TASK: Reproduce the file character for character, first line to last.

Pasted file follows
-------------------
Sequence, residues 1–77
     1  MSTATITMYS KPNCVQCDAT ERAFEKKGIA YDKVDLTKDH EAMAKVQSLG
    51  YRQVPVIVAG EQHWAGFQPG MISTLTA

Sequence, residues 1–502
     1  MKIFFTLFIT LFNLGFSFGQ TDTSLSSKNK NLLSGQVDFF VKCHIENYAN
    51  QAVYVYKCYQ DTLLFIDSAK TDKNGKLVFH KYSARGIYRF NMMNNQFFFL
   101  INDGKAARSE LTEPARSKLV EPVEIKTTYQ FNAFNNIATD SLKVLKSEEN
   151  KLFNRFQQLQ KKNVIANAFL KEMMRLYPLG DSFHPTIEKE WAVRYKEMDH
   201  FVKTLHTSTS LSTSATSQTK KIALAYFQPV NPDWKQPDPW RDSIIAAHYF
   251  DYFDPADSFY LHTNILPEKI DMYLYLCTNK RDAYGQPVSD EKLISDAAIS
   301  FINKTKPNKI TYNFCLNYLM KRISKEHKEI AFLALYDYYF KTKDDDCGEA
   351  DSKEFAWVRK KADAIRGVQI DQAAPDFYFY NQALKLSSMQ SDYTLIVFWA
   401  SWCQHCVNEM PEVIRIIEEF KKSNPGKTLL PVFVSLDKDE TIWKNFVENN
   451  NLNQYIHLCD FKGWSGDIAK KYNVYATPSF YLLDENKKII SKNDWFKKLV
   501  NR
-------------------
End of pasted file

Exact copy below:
Sequence, residues 1–77
     1  MSTATITMYS KPNCVQCDAT ERAFEKKGIA YDKVDLTKDH EAMAKVQSLG
    51  YRQVPVIVAG EQHWAGFQPG MISTLTA

Sequence, residues 1–502
     1  MKIFFTLFIT LFNLGFSFGQ TDTSLSSKNK NLLSGQVDFF VKCHIENYAN
    51  QAVYVYKCYQ DTLLFIDSAK TDKNGKLVFH KYSARGIYRF NMMNNQFFFL
   101  INDGKAARSE LTEPARSKLV EPVEIKTTYQ FNAFNNIATD SLKVLKSEEN
   151  KLFNRFQQLQ KKNVIANAFL KEMMRLYPLG DSFHPTIEKE WAVRYKEMDH
   201  FVKTLHTSTS LSTSATSQTK KIALAYFQPV NPDWKQPDPW RDSIIAAHYF
   251  DYFDPADSFY LHTNILPEKI DMYLYLCTNK RDAYGQPVSD EKLISDAAIS
   301  FINKTKPNKI TYNFCLNYLM KRISKEHKEI AFLALYDYYF KTKDDDCGEA
   351  DSKEFAWVRK KADAIRGVQI DQAAPDFYFY NQALKLSSMQ SDYTLIVFWA
   401  SWCQHCVNEM PEVIRIIEEF KKSNPGKTLL PVFVSLDKDE TIWKNFVENN
   451  NLNQYIHLCD FKGWSGDIAK KYNVYATPSF YLLDENKKII SKNDWFKKLV
   501  NR